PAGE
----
Post-Vasectomy Semen Tests

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There is an information booklet available for patients : Vasectomy Semen Analysis, which can be found in the patient library section of our website.

Post-Vasectomy Semen Analysis (PVSA) is the procedure used to establish the success of a vasectomy. Contraceptive precautions should be used until the clinician confirms that the semen sample is clear of sperm. Assessment of a single sample is acceptable to confirm vasectomy success if all recommendations and laboratory methodology are met and no sperm observed.

Special clearance can be given to the patient by the surgeon if the number of non-motile sperm seen in two assessed samples is <100 000/ml (a very occasional non-motile sperm seen in a deep cell chamber). It cannot be provided if any motile sperm are observed.

Requirements :

  • The first specimen for examination should be produced at a minimum interval of 12 weeks post-surgery and after producing at least 20 ejaculates (British Andrology Society guidelines 2016)
  • Abstinence should be between 2-7 days (3-4 days is best)
  • The sample must be obtained by masturbation (manual stimulation) and should be collected directly into the specimen container provided by the laboratory
  • The whole ejaculate must be collected into the sample container
  • The complete specimen is needed for this examination, so if any of the specimen is spilt, the laboratory must be informed and a repeat specimen may be required
  • A condom and/or artificial lubrication must not be used for semen collection, as it will kill the sperm
  • A  fresh sample is essential for this test and must be brought directly to the laboratory within four hours of it being passed at home
  • The specimen container and request form must be labelled with the patient’s full name, date of birth and the date and time the specimen was passed
  • If non-motile sperm are observed, further samples must be examined within 1 hour of production
  • Subsequent specimens produced at the referring doctor’s request should be brought directly to Andrology by the patient within 1 hour of being passed

Donor Sperm Banking


Why are sperm donors needed?

Forty per cent of women of infertile couples are unable to conceive because of abnormality or absence of sperm in their partner’s ejaculate. Artificial insemination using donor semen is the only method of treatment available to these couples who wish to have a family. In many centres, the limiting factor is the availability of suitable donors and therefore most clinics are grateful for offers from men wishing to be semen donors.

What are the donor requirements?

All potential semen donors who intend to begin the process of donation must first meet certain eligibility criteria as described in the UK guidelines for the medical and laboratory screening of sperm, egg and embryo donors (2008) and the HFEA 8th code of practice.

Some of the criteria are that the donor must:

  • Be aged between 18 and 41.
  • Be proven to be negative for infectious diseases including (but not limited to) HIV, HTLV, Hepatitis B and C and syphilis.
  • Be fit and healthy.
  • Have no known inheritable disorder or serious medical problems.


How to start the process?

If you think that you meet the eligibility criteria to become a sperm donor, you can contact Andrology for further information by telephone (0161 276 6473) or email

Due to previous experience with hoax calls it is important that we avoid giving information over the phone so information about becoming a sperm donor, screening tests and the donor questionnaire is either posted out or emailed to you.

When you have read the information, if you wish to proceed, complete the Sperm Donor Questionnaire and include a passport sized photograph on the form. Then return to Andrology by post at Andrology Laboratories, Department of Reproductive Medicine, Old Saint Mary’s Hospital, Oxford Road, Manchester, M13 9WL or email it to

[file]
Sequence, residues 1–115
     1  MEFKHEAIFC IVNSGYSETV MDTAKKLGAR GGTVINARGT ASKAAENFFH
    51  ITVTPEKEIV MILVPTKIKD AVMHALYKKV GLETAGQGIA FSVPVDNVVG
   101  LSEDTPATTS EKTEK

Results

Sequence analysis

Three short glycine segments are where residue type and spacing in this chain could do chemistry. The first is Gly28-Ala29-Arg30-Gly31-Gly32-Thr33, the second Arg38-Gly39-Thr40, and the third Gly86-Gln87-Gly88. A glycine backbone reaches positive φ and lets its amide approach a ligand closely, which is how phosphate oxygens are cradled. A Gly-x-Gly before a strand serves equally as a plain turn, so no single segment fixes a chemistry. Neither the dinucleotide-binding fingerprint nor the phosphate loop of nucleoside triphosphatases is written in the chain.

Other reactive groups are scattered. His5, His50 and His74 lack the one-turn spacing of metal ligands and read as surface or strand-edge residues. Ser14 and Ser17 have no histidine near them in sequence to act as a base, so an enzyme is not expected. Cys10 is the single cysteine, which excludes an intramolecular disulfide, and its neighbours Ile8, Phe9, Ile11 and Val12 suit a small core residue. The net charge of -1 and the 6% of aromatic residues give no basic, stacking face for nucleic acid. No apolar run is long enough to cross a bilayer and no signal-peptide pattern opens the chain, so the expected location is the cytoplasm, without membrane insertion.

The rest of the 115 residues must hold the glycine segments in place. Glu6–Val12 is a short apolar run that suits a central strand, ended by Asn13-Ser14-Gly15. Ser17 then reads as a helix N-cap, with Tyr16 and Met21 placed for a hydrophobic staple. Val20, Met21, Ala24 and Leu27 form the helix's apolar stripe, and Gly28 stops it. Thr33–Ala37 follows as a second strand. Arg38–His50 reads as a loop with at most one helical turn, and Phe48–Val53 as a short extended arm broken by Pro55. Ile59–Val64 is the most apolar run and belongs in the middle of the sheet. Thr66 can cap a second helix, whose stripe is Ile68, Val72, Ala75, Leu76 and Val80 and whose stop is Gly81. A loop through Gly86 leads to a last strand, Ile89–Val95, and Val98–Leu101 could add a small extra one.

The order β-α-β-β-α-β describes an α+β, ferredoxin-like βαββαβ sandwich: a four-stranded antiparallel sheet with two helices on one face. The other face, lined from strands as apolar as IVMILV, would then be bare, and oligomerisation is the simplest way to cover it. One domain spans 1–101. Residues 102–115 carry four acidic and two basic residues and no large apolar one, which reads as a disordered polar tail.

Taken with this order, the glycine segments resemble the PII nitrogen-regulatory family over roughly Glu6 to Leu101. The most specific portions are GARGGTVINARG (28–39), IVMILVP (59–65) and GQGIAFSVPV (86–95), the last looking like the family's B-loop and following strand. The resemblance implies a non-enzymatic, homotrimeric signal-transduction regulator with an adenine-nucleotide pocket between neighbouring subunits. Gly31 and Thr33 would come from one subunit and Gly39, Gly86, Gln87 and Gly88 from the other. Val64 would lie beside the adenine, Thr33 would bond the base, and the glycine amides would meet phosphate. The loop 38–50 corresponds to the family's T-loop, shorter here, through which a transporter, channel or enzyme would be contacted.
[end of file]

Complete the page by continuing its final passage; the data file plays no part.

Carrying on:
When your completed questionnaire has been received by Andrology an appointment letter will be sent out to you.


What happens at the first appointment?

On the day of your appointment, you will be asked to produce a semen specimen by masturbation into a container, which we will provide, using one of our private rooms. There are some pornographic magazines available in the rooms but we do not have any pornographic DVDs or internet access. You may bring your own material with you to the appointment if you wish.

Please abstain from intercourse or masturbation for between 2-7 days (3-4 days is best), prior to this appointment. This sample will be frozen and then thawed to see if it would be suitable for use in artificial insemination treatment.
Potential donors must be aware that after examination, a proportion of semen samples will fail to fulfil all the required criteria, but in the majority of cases this has no bearing on your potential fertility.

Blood and urine samples are also taken for preliminary screening tests.

Following these tests (the blood results can take up to 6 weeks) a doctor will look at your results and you will be sent either a counselling or a doctor’s appointment.

These results will determine if you meet our eligibility criteria to donate your sperm. These results will only be available at your doctor’s clinic appointment.


Which tests will a donor have before he is accepted?

By law, all donors must have blood screening tests for HIV antibodies (AIDS), HTLV and Hepatitis B & C. Other blood screening tests include Syphilis, Cytomegalovirus and Cystic fibrosis. The donor’s blood group will be determined and there will be a chromosomal analysis. Donors are also screened for Gonorrhoea and Chlamydia.

Contacting your GP regarding sperm donation

Your agreement to contacting your GP for clarification of any specific details in your medical history may be sought.

How many visits will I have to make to the hospital?

If you were accepted as a donor you would be required to attend the Andrology laboratory for about ten/fifteen appointments, usually at weekly intervals. Please be aware that these appointments are morning appointments, Monday to Friday.